“The health of the athletes is clearly a top priority for the IOC, but at this stage it is too early to comment on any specific measures, such as holding the marathon in the morning at Beijing 2008,” Andrew Mitchell, media relations manager for the IOC said in an e-mail.

October Games

Other countries have held the Olympics at later dates. Sydney held the Olympics in late September to early October in 2000, as did Seoul in 1988, while Mexico held the Games in October 1968.

FIFA President Sepp Blatter faces opposition to rescheduling the 2022 World Cup from Europe’s biggest soccer leagues, clubs, and broadcasting rights owner, which are concerned changing the dates would disrupt national leagues and clash with other sporting events.

FIFA may have “made a mistake” in awarding the World Cup to Qatar in the summer, Blatter told Inside World Football.

U.S. Soccer President Sunil Gulati said last week FIFA officials should have held more discussions about Qatar’s summer climate before the Middle Eastern country was awarded hosting rights in December 2010.

Heatstroke Deaths

The combination of humidity and heat in Japan could be debilitating as athletes seek to compete at the highest level. More than a dozen people in Japan died of heatstroke and thousands were hospitalized last month when Tokyo’s high climbed to 38 degrees.

“The longer the event, typically the higher the risk of accumulation of heat in the body, with possible symptoms of heat exhaustion or even heatstroke in the worst case,” said Loughborough University’s Havenith. The 10-kilometer race and the marathon would be among those posing the biggest risk, he said.

The Texas-based University Interscholastic League, created by the University of Texas to provide guidance to athletic teachers, has produced manuals with recommendations to coaches on how much exercise to do during summer months, including limits on how many hours and how frequently student athletes can practice.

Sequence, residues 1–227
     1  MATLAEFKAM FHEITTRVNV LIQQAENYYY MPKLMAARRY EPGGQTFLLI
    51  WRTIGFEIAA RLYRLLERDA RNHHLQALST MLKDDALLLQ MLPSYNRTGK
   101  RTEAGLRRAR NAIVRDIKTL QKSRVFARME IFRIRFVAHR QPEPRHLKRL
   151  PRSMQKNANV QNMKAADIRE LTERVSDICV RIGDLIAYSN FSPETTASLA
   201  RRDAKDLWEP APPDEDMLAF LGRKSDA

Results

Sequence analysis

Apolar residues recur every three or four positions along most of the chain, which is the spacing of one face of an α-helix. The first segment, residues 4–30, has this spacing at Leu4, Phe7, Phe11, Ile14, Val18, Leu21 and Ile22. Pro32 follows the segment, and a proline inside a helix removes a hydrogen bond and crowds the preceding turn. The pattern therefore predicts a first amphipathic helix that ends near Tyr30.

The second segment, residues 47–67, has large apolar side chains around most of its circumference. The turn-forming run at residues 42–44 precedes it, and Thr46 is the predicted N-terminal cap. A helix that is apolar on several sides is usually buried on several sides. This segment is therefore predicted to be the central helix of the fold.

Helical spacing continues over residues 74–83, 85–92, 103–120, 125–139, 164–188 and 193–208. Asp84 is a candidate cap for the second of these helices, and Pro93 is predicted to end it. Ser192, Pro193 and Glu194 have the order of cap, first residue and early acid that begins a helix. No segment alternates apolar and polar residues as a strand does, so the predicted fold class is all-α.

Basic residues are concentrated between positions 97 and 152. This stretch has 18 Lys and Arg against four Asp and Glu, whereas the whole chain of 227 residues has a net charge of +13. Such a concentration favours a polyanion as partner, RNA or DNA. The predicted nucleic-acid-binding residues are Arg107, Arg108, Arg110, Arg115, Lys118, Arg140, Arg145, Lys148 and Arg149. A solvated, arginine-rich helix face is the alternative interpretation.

“The maximum length of any single practice session is three hours,” said Kate Hector, a spokeswoman for UIL. “All of these rules were created to help prevent heat illness or heat related injuries.”

Marathon Race

At the Athens Olympics women’s marathon in 2004, eight of the 66 women who finished the course took more than three hours, according to Marathon Guide. Temperatures reached 95 degrees Fahrenheit during the race.

“Running a marathon would be especially difficult,” Weather Caster’s Iwaya said. “Even regular exercise is difficult in that heat.”

At least six athletes died during a 2011 heat wave in the U.S. south, according to a report from ABC News.

Tokyo’s August average high and humidity this year generated a heat index of 112 degrees Fahrenheit (44 degrees Celsius), according to the U.S. National Weather Service, which designates that level as a “danger” zone for prolonged exposure or strenuous activity.

“Tokyo could try changing the times of events to cooler periods,” Iwaya said. “But it’s already 30 degrees Celsius in the morning.”

To contact the reporters on this story: Chris Cooper in Tokyo at ccooper1@bloomberg.net

To contact the editor responsible for this story: Anand Krishnamoorthy at anandk@bloomberg.net